Over the winter Caesar took care not simply to make good his losses, but to raise double the number of new troops so that the Gauls would come to believe that Roman resources of manpower were inexhaustible. Three new legions were recruited in Cisalpine Gaul, a new Fourteenth to replace the massacred unit, the Fifteenth and the First. Although raised in Caesar’s province, the last of these had actually been intended to form part of Pompey’s army in Spain and had taken an oath to him, hence its number came from another sequence. Not planning major campaigns of his own, Pompey agreed to ‘loan’ the new legion to Caesar ‘for the good of the Republic and out of personal friendship’. Caesar now had ten legions, but the tribes in rebellion were also gathering their strength. Ambiorix was playing a key role in encouraging them, and had made formal alliance with the Treveri. In addition the Nervii, Atuatuci and Menapii were all in open war with Rome, while other tribes like the Senones and Carnutes had rejected leaders favourable to Caesar and were refusing to come in answer to his calls to council. Caesar decided that he must begin operations before the normal start of the campaigning season at the beginning of spring. He wanted to regain the initiative, which inevitably at the beginning of a revolt lay with the rebels. The Roman army would attack and would show that Rome was still strong in spite of a defeat, and that the consequences of opposing it were appalling. The tribes had no single leader, no capital and looked unlikely even to mass into a single field army. Nor would the defeat of one necessarily cause others to capitulate, and each had to be defeated in turn. Lacking these clear targets, Caesar would instead attack the homes and farms of the warriors. Houses would be burned, crops and herds consumed or destroyed, and people killed or enslaved. The Romans had a word for this activity, vastatio, which is the root of the word devastation, and even a verb vastare for the process. It was brutal in the extreme, but could be effective, terrifying the enemy into admitting defeat and coming to terms. Throughout history occupying forces have often turned to similar methods, but few have surpassed Caesar’s legions in their ruthlessly efficient application.19
Before the winter was over Caesar concentrated four legions - presumably somewhere near Samarobriva - and attacked the Nervii. It always took time to muster a tribal army and the Nervii had little chance either to defend themselves or to flee. The surprise was all the greater because no large Gallic army could have operated at this season - in 57 BC the great Belgic army had even been forced to disperse when it ran out of food in the summer months. Only the organised supply system supporting the Roman army made this possible. Caesar’s column captured large numbers of people, rounded up their herds and flocks, and torched the villages. Faced with this onslaught the Nervii quickly capitulated and supplied the Romans with hostages. Caesar withdrew his army, and sent messages to the tribes summoning them to a council at the beginning of spring. Once again the Senones and Carnutes failed to attend, as did the Treveri, who were now led by some of Indutiomarus’ family The council was to be held for the first time at Lutetia on the Seine, the main town of the Parisii, the people whose name is preserved in that of the modern capital of France. Before the council convened, Caesar took his legions against the Senones. Surprised before they could take refuge inside the walls of their town the tribe swiftly submitted. The Aedui spoke on their behalf and Caesar treated them relatively leniently. Partly this was because of his desire to show respect to Rome’s old ally, but also because he wanted to get on with operations against the other rebellious tribes. One hundred hostages were handed over to his camp, but there was no mass enslavement of the population. Realising that they were most likely next on Caesar’s list, soon afterwards the Carnutes sent envoys to him, accompanied by representatives from the Remi. The proconsul was again willing to accept their surrender. As was his usual practice, at the council he requested contingents of cavalry from the tribes. Privately he resolved to keep those supplied by the Senones with him, so that he could keep an eye on their commander, the chieftain Cavarinus.20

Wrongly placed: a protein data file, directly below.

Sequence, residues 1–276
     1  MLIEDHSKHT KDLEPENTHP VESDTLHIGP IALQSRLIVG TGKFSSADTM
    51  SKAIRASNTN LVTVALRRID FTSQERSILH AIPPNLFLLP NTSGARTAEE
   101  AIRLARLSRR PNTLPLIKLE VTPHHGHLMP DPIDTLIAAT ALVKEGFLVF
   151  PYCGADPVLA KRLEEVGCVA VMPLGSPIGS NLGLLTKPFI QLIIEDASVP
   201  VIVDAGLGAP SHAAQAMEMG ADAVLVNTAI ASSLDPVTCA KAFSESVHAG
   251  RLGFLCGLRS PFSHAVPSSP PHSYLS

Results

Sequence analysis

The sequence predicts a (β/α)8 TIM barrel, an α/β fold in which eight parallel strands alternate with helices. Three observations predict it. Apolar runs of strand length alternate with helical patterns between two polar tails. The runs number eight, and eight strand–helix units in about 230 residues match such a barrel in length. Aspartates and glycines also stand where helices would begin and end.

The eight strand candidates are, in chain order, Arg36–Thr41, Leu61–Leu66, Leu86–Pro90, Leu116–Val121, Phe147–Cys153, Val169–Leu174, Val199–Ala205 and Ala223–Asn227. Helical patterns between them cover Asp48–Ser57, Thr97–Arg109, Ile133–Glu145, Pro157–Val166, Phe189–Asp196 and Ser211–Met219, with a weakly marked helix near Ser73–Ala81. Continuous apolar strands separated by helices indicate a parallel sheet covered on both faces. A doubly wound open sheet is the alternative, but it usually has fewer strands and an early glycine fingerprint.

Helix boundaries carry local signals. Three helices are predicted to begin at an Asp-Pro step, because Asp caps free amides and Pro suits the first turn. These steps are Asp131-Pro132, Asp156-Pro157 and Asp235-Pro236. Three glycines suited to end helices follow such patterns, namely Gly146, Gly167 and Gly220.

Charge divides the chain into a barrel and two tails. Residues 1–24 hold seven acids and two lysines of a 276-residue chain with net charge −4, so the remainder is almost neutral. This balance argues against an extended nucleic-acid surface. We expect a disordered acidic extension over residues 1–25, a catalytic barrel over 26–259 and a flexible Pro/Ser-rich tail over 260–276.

Central Gaul was now ‘pacified’ and the proconsul turned his attention to the north-east. Ambiorix was the most influential and charismatic of the leaders opposing him, but Caesar judged that he was unlikely to risk open battle. Therefore he decided to strip him of real or potential allies in the region. The army’s baggage and supply train was sent to Labienus with an escort of two legions. Caesar himself took five legions with minimal stocks of food and heavy equipment and led them against the Menapii - at this point only one of the three new legions seems to have reached the main army. As usual, the Menapii avoided contact and relied on the inaccessibility of the forests and marshes of their land for protection. This time, however, the Romans were prepared. Caesar divided his force into three independent columns, each of which began clearing a route into tribal territory, constructing bridges and causeways as necessary. Such was the engineering skill of the legions that there were few places where they could not go if they were led with determination. Dismayed to realise that they were not as safe as they had believed, and seeing the smoke rising from their burning villages, the Menapii sent in envoys and surrendered. The main army moved on, leaving the Atrebatian chieftain Commius and his retinue of warriors behind to ensure that the Menapii did not repent of their decision. While this operation was underway, the Treveri had moved against Labienus. Showing all his accustomed skill, the latter had lured them into a bad position and then turned on them, allegedly telling his men to ‘show the same courage they had often displayed for their general’. His three legions - his own legion having been reinforced by the two escorting the baggage just before the engagement - cut the Treveri to pieces. After this defeat the hostile chieftains fled across the Rhine, and power within the tribe was restored to Caesar’s candidate Cingetorix.21